Word of the Day: echelon
Echelon (noun) ESH-uh-lahn
1 : a steplike arrangement (as of troops or airplanes)
2 a : one of a series of levels or grades in an organization or field of activity
b : a group of individuals at a particular level or grade in an organization
“And I think that … there are more conservatives in Hollywood than one would think in all echelons, even among the actors.” — Jon Voight, speaking on the Fox News Network, 9 Sept. 2016
“There were those in the upper echelons of network news who caught a bit of that altitude sickness and thought it was their job to massage the news on behalf of a greater good only they could see.” — Dalton Delan, The Berkshire Eagle (Pittsfield, Massachusetts), 23 Sept. 2016
Did You Know?
Echelon is a useful word for anyone who is climbing the ladder of success. It traces back to scala, a Late Latin word meaning “ladder” that was the ancestor of the Old French eschelon, meaning “rung of a ladder.” Over time, the French word (which is échelon in Modern French) came to mean “step,” “grade,” or “level.” When it was first borrowed into English in the 18th century, echelon referred specifically to a steplike arrangement of troops, but it now usually refers to a level or category within an organization or group of people.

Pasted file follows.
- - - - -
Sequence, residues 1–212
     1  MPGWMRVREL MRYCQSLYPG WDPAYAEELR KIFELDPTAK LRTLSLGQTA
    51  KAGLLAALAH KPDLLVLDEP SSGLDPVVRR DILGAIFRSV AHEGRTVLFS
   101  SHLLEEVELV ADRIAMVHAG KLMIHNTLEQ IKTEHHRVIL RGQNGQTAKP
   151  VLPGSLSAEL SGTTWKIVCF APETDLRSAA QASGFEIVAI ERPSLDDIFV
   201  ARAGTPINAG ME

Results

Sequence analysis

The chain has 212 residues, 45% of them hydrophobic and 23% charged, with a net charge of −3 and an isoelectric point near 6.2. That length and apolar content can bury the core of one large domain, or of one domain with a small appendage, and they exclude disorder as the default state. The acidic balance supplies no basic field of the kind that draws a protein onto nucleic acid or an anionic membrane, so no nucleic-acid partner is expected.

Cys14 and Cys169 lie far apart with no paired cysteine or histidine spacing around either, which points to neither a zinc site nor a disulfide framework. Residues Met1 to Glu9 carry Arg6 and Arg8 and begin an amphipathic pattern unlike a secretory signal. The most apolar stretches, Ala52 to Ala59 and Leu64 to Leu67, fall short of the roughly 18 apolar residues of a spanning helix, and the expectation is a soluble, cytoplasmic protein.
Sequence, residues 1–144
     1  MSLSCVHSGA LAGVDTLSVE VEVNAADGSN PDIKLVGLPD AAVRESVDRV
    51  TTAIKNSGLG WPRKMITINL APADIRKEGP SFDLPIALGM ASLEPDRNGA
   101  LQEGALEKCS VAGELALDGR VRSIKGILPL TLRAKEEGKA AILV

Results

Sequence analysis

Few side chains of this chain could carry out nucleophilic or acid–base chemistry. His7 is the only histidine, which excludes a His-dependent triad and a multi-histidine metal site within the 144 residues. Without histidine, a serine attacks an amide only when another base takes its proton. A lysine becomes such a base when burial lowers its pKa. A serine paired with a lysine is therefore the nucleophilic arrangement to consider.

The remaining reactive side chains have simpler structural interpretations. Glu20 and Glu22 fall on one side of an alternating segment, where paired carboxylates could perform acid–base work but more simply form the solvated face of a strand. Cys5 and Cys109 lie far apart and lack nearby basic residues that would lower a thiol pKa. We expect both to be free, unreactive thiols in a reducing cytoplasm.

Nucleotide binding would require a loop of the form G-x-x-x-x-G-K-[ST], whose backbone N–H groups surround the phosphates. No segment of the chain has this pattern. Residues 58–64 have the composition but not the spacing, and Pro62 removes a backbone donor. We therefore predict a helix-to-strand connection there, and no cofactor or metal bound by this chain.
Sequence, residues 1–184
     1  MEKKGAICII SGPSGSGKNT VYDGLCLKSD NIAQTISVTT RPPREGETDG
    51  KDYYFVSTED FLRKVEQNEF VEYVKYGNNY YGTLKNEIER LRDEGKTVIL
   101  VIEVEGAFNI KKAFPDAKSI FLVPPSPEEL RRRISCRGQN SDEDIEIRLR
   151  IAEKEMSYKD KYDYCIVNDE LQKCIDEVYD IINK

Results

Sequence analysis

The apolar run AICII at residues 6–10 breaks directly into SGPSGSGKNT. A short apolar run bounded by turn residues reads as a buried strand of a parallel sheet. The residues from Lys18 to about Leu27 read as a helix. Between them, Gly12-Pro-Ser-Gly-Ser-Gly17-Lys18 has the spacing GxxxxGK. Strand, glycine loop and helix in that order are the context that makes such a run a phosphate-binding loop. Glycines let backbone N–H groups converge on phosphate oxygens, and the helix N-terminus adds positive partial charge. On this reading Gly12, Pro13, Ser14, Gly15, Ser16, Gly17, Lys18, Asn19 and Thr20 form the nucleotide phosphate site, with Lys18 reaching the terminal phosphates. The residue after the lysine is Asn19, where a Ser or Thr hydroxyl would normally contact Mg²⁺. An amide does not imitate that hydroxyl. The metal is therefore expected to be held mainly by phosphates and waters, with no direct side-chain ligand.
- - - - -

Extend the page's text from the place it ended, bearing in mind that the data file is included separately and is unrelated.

We’ve heard the term, the top echelon. From its use, we can figure out approximately what it means. Like the top .5% having the top 99% of all wealth in America, most people in this class consider themselves the top echelon in the country. Me, with several exceptions, I despise.
Looking beyond the normal meaning, I was astonished to note in
its definition that there are other meanings of the term. One is the step-like arrangement as in airplanes. Think of airshows where military jets fly in tight formation over the airfield. It’s thrilling to watch, as they fly wingtip to wingtip, temerariously (yesterday’s word of the day) tempting disaster.
Another meaning is the series of levels or grades within an organization or activity. Bike races are a perfect analogy to the term. You see them race in tight formation, drafting off each other, and allowing the team member to the rear take point so that the leader may fall back and rest a bit. Derailleur gears are another form of stacked levels.
I love learning the different contexts of these words of the day. Don’t you? Please share your comments. I’m sure we would all like to read them.
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